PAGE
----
The Islamist demonstrators in Luton who barracked soldiers returning from Iraq have been widely described as anti-war protesters. That is a big assumption. Their banners carried slogans including “Muslims Rise Against British Oppressors” and “Anglian Soldiers Go To Hell”. A local MP has claimed that they were linked to al-Muhajiroun – a now defunct organisation that applauded the 9/11 attacks and sought the establishment of a theocratic Muslim state. The protest appears to have been organised by a splinter from that group called Ahle Sunnah al Jamah, which promises more such events.
Whatever their formal affiliation, it is a reasonable inference that the protesters are not anti-war but pro-war. The war they favour is the one being prosecuted, in various parts of the world, by theocratic terrorism against open societies – and also closed ones that adhere to a different form of religious observance.
While the virulence of the Islamists## case consigns them far beyond the fringe of public debate, the notion that the Western democracies are at least dismissive of oppression against Muslims is surprisingly widespread. In the past 20 years, the United States and Great Britain have fought military campaigns to restore the sovereignty of Kuwait against Saddam Hussein##s imperialism; repel the aggression of Slobodan Milosevic against Muslims in Bosnia and Kosovo; and overthrow the oppressors of Muslims in Afghanistan and Iraq. The Islamist extremists thus talk not some errant and zealous form of liberation theology: they talk complete baloney.
Moreover, the Islamist hostility towards the West is only incidentally about Western foreign policy, or Israel##s security policies in Gaza. It is at root an atavistic hostility to the principles of choice, pluralism, secularism and – consider the targets of the Bali bombings in 2002 and 2005 – mere sensual pleasures such as social drinking. As Osama bin Laden disclosed in an interview in 1998: “Every Muslim, the minute he can start differentiating, carries hate toward Americans, Jews and Christians: this is part of our ideology.”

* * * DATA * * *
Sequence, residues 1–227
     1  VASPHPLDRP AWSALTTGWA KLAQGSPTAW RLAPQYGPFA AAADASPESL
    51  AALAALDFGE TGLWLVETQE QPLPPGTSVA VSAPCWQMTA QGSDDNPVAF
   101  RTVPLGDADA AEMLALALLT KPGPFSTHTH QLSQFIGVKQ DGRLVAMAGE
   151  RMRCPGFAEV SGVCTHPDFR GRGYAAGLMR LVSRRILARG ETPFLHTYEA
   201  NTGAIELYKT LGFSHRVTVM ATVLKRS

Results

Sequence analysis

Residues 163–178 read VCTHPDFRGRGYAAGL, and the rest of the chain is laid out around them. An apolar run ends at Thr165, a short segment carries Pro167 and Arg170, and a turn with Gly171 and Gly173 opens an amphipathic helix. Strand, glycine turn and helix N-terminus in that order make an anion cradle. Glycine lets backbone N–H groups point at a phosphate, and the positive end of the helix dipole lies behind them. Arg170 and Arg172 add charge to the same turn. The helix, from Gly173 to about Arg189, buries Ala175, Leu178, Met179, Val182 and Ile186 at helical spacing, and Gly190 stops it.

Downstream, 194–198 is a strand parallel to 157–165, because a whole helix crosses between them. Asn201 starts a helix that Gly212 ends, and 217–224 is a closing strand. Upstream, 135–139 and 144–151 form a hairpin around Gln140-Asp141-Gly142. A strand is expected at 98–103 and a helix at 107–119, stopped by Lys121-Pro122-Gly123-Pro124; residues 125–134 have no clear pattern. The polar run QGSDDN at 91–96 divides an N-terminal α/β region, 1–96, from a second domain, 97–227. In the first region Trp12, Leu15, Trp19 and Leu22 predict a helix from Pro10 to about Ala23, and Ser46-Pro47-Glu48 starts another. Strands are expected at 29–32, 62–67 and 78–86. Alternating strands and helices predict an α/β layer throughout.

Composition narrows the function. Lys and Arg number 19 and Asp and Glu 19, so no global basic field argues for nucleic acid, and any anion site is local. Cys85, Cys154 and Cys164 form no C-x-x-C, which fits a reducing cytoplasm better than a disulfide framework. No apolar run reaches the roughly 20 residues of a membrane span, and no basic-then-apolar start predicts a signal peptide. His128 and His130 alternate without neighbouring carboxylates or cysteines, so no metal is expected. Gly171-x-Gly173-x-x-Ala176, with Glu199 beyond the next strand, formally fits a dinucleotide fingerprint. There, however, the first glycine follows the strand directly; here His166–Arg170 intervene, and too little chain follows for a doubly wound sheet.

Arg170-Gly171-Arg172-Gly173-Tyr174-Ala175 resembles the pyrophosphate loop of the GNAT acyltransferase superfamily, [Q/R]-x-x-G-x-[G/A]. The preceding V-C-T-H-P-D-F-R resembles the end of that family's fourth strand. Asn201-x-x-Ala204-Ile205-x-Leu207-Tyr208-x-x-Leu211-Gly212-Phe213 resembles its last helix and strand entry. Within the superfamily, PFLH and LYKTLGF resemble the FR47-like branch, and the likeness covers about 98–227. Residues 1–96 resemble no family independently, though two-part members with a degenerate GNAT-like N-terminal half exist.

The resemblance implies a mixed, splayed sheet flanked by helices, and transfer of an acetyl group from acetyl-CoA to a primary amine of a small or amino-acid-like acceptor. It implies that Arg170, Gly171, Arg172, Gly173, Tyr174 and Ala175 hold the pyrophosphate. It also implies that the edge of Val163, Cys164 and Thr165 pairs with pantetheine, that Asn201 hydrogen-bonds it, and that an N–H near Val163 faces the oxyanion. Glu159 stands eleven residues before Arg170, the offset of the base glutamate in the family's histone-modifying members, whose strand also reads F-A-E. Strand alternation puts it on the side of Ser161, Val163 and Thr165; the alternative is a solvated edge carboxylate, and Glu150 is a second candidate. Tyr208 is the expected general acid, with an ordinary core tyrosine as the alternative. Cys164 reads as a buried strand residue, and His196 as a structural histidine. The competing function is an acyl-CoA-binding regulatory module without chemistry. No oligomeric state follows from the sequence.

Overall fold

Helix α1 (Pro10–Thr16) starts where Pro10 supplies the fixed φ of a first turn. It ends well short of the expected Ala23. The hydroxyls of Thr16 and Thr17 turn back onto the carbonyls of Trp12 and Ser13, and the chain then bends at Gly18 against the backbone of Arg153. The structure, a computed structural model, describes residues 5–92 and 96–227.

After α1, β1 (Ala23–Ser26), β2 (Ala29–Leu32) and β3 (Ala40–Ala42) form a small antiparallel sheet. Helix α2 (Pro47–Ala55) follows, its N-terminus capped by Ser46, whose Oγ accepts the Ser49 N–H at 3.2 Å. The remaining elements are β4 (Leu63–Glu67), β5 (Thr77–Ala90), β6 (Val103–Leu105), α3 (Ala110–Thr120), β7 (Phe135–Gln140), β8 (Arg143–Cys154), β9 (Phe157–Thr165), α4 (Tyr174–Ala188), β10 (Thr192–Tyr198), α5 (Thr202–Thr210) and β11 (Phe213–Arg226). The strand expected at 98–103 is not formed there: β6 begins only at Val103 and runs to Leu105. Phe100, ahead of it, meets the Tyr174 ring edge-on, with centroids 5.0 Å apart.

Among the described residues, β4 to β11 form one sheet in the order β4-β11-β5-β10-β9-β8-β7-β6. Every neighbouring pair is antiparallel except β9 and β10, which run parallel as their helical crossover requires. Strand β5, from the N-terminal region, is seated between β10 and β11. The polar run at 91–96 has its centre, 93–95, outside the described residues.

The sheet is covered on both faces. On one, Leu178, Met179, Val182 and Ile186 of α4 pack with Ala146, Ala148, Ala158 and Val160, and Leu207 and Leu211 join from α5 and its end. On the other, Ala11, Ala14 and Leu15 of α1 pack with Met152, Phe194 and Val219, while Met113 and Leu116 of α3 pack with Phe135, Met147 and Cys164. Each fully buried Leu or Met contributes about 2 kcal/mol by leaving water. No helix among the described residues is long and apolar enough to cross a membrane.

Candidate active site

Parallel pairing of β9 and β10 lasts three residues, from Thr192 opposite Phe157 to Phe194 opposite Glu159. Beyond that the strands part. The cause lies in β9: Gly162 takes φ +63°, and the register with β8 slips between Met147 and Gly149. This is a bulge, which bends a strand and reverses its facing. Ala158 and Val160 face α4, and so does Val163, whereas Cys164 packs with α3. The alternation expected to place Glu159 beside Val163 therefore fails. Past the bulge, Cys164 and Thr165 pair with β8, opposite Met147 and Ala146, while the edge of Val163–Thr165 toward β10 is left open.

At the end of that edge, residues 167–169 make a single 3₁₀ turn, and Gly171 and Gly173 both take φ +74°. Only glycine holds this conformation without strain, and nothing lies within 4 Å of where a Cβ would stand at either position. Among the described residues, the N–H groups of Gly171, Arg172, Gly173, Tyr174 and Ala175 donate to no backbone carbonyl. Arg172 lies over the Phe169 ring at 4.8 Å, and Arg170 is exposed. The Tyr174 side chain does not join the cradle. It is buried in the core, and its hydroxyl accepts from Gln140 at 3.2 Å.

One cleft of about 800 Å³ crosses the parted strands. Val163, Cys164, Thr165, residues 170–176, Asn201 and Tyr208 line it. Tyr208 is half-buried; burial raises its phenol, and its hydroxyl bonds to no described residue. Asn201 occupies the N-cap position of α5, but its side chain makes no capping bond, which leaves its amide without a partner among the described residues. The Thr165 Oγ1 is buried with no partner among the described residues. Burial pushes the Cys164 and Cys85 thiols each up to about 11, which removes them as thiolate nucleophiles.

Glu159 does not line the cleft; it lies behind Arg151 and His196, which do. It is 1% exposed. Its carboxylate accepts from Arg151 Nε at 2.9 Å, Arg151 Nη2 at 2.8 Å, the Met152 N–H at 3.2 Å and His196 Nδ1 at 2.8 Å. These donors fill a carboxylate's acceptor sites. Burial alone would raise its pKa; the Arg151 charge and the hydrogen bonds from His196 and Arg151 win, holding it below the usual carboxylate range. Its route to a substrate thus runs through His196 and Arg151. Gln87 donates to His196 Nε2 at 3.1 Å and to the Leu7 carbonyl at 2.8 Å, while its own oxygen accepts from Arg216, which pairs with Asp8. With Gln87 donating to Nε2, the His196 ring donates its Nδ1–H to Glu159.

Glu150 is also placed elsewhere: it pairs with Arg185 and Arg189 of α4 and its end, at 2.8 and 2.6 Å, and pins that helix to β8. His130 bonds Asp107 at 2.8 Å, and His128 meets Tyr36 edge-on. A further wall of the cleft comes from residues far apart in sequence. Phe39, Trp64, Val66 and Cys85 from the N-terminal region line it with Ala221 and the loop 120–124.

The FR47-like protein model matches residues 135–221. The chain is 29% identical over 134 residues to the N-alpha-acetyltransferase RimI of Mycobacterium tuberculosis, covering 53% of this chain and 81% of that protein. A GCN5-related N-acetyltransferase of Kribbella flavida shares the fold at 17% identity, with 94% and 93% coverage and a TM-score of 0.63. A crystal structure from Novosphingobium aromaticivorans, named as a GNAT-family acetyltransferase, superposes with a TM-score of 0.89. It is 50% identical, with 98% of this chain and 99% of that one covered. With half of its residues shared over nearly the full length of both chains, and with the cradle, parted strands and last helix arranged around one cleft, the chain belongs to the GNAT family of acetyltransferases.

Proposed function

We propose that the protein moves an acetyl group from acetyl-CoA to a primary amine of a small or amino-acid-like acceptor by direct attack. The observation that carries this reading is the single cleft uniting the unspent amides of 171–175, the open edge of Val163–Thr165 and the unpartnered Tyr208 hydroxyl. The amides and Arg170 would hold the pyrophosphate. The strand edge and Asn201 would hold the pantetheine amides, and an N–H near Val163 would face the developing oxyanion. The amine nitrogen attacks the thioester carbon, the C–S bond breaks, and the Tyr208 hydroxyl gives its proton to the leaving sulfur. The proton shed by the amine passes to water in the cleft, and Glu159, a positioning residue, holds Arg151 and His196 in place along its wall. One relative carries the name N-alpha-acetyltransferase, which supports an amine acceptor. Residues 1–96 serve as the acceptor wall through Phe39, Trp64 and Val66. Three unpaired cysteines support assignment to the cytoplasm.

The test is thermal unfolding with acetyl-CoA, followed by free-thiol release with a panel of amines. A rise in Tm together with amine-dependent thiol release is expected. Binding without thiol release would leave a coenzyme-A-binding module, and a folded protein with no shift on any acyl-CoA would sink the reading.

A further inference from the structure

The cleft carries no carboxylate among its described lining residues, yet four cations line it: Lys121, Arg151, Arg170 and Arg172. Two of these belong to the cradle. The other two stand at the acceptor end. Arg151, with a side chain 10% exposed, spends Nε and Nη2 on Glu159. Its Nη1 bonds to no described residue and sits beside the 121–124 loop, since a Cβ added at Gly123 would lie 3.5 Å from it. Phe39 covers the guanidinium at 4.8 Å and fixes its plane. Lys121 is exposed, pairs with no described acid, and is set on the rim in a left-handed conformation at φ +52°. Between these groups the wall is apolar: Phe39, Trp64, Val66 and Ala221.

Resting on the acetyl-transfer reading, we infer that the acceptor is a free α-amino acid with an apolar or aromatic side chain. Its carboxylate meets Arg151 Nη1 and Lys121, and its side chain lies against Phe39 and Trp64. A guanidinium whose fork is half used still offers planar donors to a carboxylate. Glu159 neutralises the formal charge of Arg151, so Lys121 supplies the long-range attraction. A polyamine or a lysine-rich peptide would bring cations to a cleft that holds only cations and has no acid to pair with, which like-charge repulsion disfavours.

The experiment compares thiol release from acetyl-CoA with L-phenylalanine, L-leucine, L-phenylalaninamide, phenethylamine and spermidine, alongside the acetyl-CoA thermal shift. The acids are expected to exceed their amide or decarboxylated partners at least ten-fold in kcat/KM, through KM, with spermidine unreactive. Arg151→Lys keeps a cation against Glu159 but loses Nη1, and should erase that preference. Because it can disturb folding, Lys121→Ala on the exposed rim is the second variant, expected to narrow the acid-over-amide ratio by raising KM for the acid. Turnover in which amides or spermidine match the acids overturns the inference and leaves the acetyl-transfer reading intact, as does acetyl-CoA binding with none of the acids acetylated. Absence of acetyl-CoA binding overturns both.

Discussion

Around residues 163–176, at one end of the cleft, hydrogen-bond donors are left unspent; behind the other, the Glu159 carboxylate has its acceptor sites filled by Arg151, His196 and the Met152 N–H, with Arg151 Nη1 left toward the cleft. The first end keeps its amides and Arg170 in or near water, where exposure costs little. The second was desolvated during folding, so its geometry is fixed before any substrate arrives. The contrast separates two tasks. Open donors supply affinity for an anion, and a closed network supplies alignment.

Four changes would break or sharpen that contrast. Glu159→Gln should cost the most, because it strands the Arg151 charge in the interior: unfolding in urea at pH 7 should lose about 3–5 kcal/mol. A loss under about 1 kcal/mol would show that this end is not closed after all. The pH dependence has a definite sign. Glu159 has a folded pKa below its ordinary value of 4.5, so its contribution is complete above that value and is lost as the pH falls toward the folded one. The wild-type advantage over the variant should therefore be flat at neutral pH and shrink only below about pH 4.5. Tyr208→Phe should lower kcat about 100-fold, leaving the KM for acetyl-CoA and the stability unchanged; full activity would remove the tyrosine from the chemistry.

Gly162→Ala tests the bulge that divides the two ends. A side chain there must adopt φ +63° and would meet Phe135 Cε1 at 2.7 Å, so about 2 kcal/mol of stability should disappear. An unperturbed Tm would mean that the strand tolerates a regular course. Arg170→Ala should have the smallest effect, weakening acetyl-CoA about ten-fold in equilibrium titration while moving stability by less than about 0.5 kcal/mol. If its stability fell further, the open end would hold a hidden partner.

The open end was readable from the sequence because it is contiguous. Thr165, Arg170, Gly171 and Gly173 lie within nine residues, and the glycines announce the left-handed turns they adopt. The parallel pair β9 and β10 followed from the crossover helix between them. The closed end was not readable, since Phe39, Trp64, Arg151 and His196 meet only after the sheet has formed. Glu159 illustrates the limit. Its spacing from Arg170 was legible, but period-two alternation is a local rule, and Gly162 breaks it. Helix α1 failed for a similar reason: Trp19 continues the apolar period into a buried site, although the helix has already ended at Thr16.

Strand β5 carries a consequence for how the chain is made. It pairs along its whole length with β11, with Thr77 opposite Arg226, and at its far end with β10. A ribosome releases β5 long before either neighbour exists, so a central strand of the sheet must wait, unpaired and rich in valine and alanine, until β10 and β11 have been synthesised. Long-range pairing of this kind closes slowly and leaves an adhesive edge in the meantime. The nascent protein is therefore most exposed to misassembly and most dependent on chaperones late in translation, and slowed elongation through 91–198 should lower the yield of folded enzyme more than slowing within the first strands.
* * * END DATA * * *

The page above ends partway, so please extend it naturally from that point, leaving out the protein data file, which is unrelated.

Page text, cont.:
The Muslim character of the world view of the Luton protesters is also selective. It demonstrably does not represent the mainstream opinion of British Muslims. And the protesters are far from being consistent in their supposed concern for their co-religionists## welfare. The massacre by the Taleban of the Shia Hazaras in Afghanistan elicits no protest, because the victims were of a supposedly heretical branch of Islam.
A liberal society by definition enshrines the right of dissent, and the freedom of speech and assembly. The response of politicians to the Luton protest has been, in the main, apt and lacking in platitude. The protest against the Anglian Regiment was grossly offensive to civilised opinion, but that is no reason for curtailing the right of protest. Freedom to offend is precious. Though the protesters may be uninterested in the point, the Armed Forces that they abuse defend the liberties that they exploit.
But there is a question about how far a bigoted, xenophobic and insurrectionist minority can reasonably expect tolerance. Voltaire never said that he would defend to the death the right to utter an exceptionable opinion. And it is a mere truism that even in America##s libertarian political culture, speech may be abridged when there is “clear and present danger”.
Al-Muhajiroun was banned because it glorified terrorism. While that legislation may appear expansive, it expresses a liberal impulse. The disaffection felt by groups that seek the overthrow of the State, and campaign for the defeat of Western forces in battle, is more than dissent. A liberal state cannot be a state unless it has the means to defend itself. (The Times, editorial)